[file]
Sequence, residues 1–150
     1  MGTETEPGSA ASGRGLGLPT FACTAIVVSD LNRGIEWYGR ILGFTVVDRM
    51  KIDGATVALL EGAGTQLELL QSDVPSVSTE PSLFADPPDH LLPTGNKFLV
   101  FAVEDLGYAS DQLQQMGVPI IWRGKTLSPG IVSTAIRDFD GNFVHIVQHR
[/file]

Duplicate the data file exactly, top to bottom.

Sequence, residues 1–150
     1  MGTETEPGSA ASGRGLGLPT FACTAIVVSD LNRGIEWYGR ILGFTVVDRM
    51  KIDGATVALL EGAGTQLELL QSDVPSVSTE PSLFADPPDH LLPTGNKFLV
   101  FAVEDLGYAS DQLQQMGVPI IWRGKTLSPG IVSTAIRDFD GNFVHIVQHR